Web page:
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Hospital deal extended again

Capella will manage, not own Karesh wing

Posted: July 28, 2015 5:16 p.m.
Updated: July 29, 2015 1:00 a.m.

For the fourth time, members of the KershawHealth Board of Trustees voted Monday night to extend a letter of intent involving the lease/purchase of the hospital by Capella Healthcare of Franklin, Tenn. The deal -- originally set to close back on March 31, was initially extended to May 31 and then twice more to June 30 and July 31. The board voted unanimously, 8-0, Monday to extend the deal yet another month to Aug. 31.

The extension appears tied to two things: 1) a recent request from Capella to manage, but not purchase KershawHealth’s Karesh Long Term Care Center; and 2) a favorable, but not unanimous, vote Monday night to purchase remaining parcels of the old Pine Tree Hill Elementary School (PTHS) site on Lakeshore Drive.

According to a July 22 internal memo circulated to all KershawHealth employees obtained by the Chronicle-Independent, Capella asked the board in June if it would be willing to continue owning and operating the long term care center.

“This change would require KershawHealth to continue in a direct oversight role of Karesh,” Board Chair Karen Eckford and CEO Terry Gunn said in the memo.

In the memo, Eckford and Gunn said the board assessed Capella’s request, conducting an “extensive financial analysis” as well as further due diligence.

“We are pleased to report that after conducting a full review of Capella’s proposal, KershawHealth has decided to continue with its control and oversight of Karesh,” they said in the memo. “Immediately following the closing, we expect that Capella will oversee the day-to-day operations of Karesh Long Term Care and employ the Karesh staff. We expect that Capella would continue to manage Karesh for the near term. Ultimately, the board will conduct a competitive process to identify a long term care management partner charged with ensuring that Karesh continues to provide the very best care to its patients.”

In other words, Capella will manage the Karesh center on behalf of KershawHealth, but not lease nor purchase the facility with the rest of the hospital, and will manage it until KershawHealth finds a new partner for Karesh. Nothing in the letter appeared to rule out possibly selling Karesh to a third party.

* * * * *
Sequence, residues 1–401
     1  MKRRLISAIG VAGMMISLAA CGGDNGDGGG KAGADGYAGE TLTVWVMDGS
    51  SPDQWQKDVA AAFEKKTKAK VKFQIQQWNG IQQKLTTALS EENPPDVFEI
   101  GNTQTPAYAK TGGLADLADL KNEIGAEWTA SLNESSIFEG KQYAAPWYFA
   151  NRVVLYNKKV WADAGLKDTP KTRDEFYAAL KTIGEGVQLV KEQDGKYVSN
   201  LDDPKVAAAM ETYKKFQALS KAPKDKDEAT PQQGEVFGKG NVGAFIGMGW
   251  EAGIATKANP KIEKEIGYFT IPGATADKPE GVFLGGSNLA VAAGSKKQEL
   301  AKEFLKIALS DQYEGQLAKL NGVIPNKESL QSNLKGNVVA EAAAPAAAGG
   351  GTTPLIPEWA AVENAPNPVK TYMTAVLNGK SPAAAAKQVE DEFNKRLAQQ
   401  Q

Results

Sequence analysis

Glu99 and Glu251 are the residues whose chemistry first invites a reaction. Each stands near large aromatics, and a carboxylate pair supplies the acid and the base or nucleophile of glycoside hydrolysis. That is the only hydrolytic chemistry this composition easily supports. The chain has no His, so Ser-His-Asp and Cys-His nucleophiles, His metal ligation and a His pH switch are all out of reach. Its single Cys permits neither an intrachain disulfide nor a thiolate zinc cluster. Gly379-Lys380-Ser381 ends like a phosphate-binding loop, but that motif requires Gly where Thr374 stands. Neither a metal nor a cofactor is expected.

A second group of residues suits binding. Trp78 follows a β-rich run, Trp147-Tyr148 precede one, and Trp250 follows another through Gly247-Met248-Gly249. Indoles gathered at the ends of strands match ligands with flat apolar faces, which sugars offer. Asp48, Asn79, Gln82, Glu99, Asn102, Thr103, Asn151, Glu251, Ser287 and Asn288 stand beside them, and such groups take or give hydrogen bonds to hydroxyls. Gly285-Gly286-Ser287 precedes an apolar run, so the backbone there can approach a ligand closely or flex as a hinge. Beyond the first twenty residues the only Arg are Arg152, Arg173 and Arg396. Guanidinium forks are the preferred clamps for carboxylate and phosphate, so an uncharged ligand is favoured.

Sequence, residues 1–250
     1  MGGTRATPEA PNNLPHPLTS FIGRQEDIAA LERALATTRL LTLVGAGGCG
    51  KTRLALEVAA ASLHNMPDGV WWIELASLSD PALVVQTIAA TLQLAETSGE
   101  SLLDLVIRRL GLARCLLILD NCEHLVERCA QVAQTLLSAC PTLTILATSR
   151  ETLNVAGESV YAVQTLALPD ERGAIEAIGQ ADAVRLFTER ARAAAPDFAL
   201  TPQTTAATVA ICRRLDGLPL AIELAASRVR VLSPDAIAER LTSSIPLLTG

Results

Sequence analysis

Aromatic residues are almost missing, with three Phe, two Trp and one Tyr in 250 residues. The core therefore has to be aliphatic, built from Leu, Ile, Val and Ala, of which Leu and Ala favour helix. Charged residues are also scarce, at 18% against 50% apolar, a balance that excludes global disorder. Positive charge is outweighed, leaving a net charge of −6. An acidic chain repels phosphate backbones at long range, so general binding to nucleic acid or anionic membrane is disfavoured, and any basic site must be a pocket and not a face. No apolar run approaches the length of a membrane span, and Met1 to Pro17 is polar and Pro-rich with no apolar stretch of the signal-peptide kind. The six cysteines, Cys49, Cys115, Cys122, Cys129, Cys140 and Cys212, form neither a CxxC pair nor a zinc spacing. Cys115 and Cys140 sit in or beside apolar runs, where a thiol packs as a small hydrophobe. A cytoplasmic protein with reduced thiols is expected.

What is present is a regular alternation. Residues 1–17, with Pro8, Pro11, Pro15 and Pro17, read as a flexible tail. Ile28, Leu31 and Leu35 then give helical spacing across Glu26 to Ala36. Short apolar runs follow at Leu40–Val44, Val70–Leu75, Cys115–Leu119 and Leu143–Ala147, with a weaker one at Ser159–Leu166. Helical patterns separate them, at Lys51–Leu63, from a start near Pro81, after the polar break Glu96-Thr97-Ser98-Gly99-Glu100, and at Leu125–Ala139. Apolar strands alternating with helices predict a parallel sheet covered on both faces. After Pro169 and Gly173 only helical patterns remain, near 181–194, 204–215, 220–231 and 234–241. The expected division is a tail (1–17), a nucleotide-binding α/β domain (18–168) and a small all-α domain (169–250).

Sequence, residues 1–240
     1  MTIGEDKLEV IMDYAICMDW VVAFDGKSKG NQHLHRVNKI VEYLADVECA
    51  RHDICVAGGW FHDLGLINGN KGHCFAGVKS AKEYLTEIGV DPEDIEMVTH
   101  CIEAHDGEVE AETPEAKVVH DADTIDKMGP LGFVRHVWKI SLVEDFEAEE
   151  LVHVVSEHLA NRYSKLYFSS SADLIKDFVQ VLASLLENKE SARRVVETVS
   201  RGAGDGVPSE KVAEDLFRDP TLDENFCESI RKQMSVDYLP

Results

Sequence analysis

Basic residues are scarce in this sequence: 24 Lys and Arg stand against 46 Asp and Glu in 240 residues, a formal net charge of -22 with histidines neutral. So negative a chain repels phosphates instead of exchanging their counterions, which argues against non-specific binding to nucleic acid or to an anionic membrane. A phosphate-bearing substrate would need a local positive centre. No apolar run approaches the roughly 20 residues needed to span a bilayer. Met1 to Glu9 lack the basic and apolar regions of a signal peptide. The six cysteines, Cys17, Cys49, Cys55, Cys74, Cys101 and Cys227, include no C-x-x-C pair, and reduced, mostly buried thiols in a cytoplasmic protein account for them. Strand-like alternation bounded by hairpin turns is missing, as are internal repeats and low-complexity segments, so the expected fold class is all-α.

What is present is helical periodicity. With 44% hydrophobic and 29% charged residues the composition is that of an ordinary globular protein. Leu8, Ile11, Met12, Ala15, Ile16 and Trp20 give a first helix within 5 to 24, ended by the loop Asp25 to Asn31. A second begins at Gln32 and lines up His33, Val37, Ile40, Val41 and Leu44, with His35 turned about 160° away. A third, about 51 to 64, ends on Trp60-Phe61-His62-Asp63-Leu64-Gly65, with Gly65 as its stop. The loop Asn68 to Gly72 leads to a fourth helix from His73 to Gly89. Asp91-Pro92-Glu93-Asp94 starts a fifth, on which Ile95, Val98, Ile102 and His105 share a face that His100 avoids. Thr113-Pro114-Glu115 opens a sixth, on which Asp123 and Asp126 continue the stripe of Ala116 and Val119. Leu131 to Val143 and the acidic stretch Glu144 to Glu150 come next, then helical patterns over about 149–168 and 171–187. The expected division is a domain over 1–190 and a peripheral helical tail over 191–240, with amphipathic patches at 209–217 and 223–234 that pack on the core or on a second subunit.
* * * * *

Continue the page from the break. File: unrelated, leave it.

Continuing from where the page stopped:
KershawHealth officials issued a press release Tuesday morning which used substantially the same language as the July 22 memorandum.

Following the vote to extend the letter of intent, the board voted, 6-2, with trustees Bobby Jones and Susan Outen voting against, to purchase the remaining parcels of PTHS property from the city of Camden. The city recently rezoned those parcels from R-15 residential to OI (Office Industrial). The board passed both measures following a lengthy executive session.

In March 2010, the Kershaw County School District began selling off portions of the old PTHS property. Lakeshore Drive Church of God purchased a 1.54-acre portion of the property, followed by the city of Camden’s purchase of 14.67 acres for $350,000. The city soon sold off a little more than 7.02 acres to KershawHealth for $113,756, including the buildings which made up the former school.

KershawHealth is now purchasing two parcels from the city totaling 7.65 acres from the original school district property.

The idea of possibly moving Karesh to the old PTHS site actually comes from KershawHealth’s long-term strategic plan, approved by the board in April 2014. At the time, Gunn said the old school buildings would be replaced by a totally new facility. There was also a chance, he said, KershawHealth would expand into the assisted living and independent living business through strategic partnerships.

During a phone interview, KershawHealth attorney David Summer said the revised deal will not affect Capella’s $35 million payment to lease the hospital’s real estate and purchase its furniture, fixtures and equipment. Summer also confirmed Karesh’s status as part of a governmental entity -- KershawHealth’s board is appointed by Kershaw County Council -- allows it to receive approximately $1 million in government reimbursements.

“Capella is not a governmental entity, that’s why it’s not purchasing it,” Summer said, referring to the Karesh center. “It’s less attractive to them.”

Summer also confirmed those working in the Karesh wing would be Capella employees and, therefore, would be eligible for a new benefits package being offered by the company.

Although he said he is unaware of any immediate plans to move Karesh to the old PTHS property, he said it was “logical” to conclude KershawHealth is purchasing the remaining property in order to keep that option open.

“It’s consistent with the strategic plan,” Summer said.

Exactly how the board, as the hospital district, will keep Karesh going financially, purchase the PTHS property and, potentially, move and expand Karesh there is an as yet unanswered question. Capella will not be part of that equation, Summer said.

“It will be up to the district to keep it viable,” he said, but added it would be “speculative” at this time to presume trustees would use part of Capella’s payment to achieve those goals.

(The online version of this article has been modified to delete references to an additional parcel of land adjoining the former PTHS property which KershawHealth is not purchasing. A correction will appear in the Friday, July 31, 2015, edition of the Chronicle-Independent. The C-I regrets the error.)


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